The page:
MediaFile

Dow Jones cuts back on benefits

The Wall Street Journal has been making plenty of hay about its rising circulation and the growing number of people online who are using the site, but parent company News Corp is cutting costs as the whole media business suffers from the recession. To that end, here is Dow Jones Chief Executive Les Hinton’s Monday memo on some benefits cutbacks that the company is instituting.

Dear colleagues:

Many companies are resetting their benefits in reaction to the economic challenges of the moment. Dow Jones has felt these same challenges and our business is far from immune to them. Unlike other media companies we have been able to avoid making changes driven by short-term necessity.

What we have done over the past year-and-a-half is to undertake a deep review of our entire benefits program. That review is complete, and today we are announcing a major change in our retirement programs. We are modernizing our approach to retirement savings and aligning our program with the market, News Corp. and our view of the future for Dow Jones.

Key changes include:

The Money Purchase Plan will be frozen as of July 3, 2009. The 401(k) Savings Plan will be enhanced. The net effect will be a lower rate of company contributions.

The retiree healthcare subsidy will be curtailed for most employees effective Jan. 1, 2010. Current retirees or those employees who on Jan. 1, 2010, will be age 50 with at least 5 years of service or have 20 years of service regardless of age will continue to be eligible for a subsidy in a revised retiree healthcare plan.

The Wall Street Journal and the death of print

Now you know that the uncertain future about the survival of newspapers is news: The Wall Street Journal’s op-ed page features an editorial castigating Massachusetts Democratic Sen. John Kerry and others for supporting the notion of federal government aid or bailouts for the struggling business.

The Journal gives us a recap of some ideas that have been seeping their way into the public consciousness in recent months, including:

    Maryland Democratic Sen. Benjamin Cardin’s bill to allow newspapers to exist as non-profits. Sen. Kerry’s endorsement of a proposal by Montana Democratic Sen. Max Baucus’s and Maine Republican Sen. Olympia Snowe’s to let newspapers offset their net operating losses over five years instead of two. Sen. Kerry’s endorsement of some flexibility under the anti-trust laws, presumably in a way that would allow U.S. newspaper publishers to dream up some ways to force people to pay for the news they read online in a model similar to how the cable TV providers work with the people who provide the shows. We note that the editorial didn’t even cover Washington State’s tax break for newspapers, not to mention Connecticut legislators’ recent willingness to help rustle up buyers for some former Journal Register papers. But you might as well add them to the list of ideas.

The Journal’s answer? No! No! No! On what grounds?

Murdoch toys with idea of Kindle-like reader

Where will the mogul strike next? Doesn’t seem like he’s yearning right now for The New York Times, which is doing battle with a guild that doesn’t want to give up lifetime job guarantees of 190-odd Boston Globe staffers.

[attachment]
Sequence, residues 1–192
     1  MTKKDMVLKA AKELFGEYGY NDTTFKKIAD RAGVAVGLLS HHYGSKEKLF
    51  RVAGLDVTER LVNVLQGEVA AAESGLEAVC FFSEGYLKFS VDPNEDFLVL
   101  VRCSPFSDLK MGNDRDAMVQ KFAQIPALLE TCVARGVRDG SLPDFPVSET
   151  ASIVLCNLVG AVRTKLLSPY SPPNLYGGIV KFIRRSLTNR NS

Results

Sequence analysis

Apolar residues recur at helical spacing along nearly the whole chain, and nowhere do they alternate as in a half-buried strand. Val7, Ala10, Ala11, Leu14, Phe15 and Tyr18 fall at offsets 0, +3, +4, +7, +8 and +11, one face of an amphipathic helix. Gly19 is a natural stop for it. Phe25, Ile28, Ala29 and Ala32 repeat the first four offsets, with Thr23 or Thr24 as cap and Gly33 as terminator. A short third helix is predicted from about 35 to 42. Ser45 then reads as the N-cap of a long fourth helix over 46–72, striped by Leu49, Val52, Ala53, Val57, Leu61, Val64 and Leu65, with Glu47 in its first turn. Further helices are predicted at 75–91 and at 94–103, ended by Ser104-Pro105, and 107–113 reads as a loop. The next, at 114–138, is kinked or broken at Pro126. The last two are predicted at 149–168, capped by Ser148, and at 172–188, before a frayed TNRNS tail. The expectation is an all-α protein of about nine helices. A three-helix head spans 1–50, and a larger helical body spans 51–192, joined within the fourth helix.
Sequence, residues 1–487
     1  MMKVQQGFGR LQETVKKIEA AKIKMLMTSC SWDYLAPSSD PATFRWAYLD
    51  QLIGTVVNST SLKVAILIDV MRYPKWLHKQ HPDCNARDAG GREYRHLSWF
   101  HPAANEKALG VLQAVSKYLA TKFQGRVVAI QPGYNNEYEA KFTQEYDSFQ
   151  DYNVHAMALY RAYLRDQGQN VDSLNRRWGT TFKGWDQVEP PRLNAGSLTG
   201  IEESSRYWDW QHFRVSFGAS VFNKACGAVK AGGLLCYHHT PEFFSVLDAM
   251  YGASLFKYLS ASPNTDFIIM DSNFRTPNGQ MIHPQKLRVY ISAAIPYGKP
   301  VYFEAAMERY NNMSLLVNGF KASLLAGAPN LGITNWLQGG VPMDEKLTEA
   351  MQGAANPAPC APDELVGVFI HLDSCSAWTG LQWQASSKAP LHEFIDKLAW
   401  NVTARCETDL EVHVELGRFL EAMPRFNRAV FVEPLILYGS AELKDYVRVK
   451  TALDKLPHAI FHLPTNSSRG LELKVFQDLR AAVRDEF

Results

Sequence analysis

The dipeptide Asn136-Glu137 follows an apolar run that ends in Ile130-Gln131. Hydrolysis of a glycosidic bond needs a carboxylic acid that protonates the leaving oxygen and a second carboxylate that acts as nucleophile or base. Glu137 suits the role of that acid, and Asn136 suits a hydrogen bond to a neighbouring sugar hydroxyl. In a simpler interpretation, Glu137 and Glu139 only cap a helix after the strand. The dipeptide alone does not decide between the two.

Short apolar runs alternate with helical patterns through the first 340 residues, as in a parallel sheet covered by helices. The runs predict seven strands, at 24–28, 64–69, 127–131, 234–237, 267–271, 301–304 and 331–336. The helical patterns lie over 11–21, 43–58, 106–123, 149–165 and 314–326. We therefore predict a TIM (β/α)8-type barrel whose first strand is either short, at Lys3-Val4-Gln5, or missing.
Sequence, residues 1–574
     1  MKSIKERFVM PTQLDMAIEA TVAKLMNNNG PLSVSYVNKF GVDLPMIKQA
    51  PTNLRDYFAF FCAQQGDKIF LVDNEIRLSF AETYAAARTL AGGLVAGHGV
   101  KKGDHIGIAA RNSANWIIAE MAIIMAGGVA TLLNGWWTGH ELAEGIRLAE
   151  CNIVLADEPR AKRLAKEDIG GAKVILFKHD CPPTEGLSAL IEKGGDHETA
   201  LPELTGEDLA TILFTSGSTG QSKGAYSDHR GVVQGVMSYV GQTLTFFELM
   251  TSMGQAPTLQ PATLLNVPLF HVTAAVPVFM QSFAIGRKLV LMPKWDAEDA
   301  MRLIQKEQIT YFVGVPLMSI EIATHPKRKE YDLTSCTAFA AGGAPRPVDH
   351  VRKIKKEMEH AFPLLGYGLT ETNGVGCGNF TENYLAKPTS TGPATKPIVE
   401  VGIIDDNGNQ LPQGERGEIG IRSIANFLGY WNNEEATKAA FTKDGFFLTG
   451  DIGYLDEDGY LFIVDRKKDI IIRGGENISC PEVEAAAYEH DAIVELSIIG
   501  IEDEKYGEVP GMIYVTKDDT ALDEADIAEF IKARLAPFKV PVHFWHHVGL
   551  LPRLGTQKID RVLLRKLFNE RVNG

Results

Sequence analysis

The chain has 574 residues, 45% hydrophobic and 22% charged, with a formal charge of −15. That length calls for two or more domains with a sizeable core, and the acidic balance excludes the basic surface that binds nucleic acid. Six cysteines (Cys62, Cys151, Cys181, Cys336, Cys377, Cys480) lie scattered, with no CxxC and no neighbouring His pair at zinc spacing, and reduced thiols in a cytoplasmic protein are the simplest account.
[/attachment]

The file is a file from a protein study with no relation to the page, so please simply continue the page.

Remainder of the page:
Instead, New York Post’s Peter Lauria reports, Rupert Murdoch has set his sights on building a Kindle-like device that will deliver content from News Corp publications like The Wall Street Journal, The Times of London and the NY Post. The device would also offer content from TV shows and movies that come from the News Corp stable. Murdoch sees it as a way of charging for content on the Web, rather than giving it away free as much of the publishing industry has (which, needless to say, is a big source of current troubles).

The global team assembled for this purpose consists of Murdoch himself, son James, Dow Jones CEO Les Hinton and News Corp’s new chief of digital operations, Jonathan Miller, the paper says.

Pay old-media execs to help you charge for new media

Three of the traditional media world’s brightest stars have a bright idea: Start a consultancy to help old-media companies charge for their content online. (And announce the venture in an old-media publication.)

From The Wall Street Journal’s website on Tuesday afternoon:

A trio of media executives is starting a firm to guide efforts by newspapers and other publishers to charge for content posted on their Web sites as advertising revenue tumbles.

The venture, Journalism Online LLC, is being led by Steven Brill, the founder of the American Lawyer magazine and Court TV; Gordon Crovitz, a former publisher of The Wall Street Journal; and cable-television veteran Leo Hindery.

The media is hungry for corporate excess

Guess where the paparazzi are training their lenses these days? For those of you who missed it, The New York Times writes that gossip rags have all but abandoned Britney Spears for the thrill of capturing corporate excesses on camera. From the paper:

The tabloid media, of course, have always peered into the excesses of the rich and famous with a mix of puritan disapproval and voyeurism. But these outlets and other news organizations are now recording troubling uses of taxpayer money at country clubs, private airports and glamorous retreats and, in so doing, explicitly tapping into a fierce populist anger at corporate America, and even pressuring Congress to hold companies accountable.